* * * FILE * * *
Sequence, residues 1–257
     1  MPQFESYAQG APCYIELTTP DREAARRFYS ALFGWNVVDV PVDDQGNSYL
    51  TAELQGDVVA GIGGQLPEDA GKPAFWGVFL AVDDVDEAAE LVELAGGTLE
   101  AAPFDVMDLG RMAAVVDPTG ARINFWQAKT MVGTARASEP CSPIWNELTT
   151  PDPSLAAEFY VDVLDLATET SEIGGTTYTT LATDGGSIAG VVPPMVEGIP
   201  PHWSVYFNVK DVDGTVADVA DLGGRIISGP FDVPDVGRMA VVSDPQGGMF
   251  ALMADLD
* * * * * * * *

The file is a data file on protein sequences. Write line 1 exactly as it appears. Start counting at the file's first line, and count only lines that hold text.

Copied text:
Sequence, residues 1–257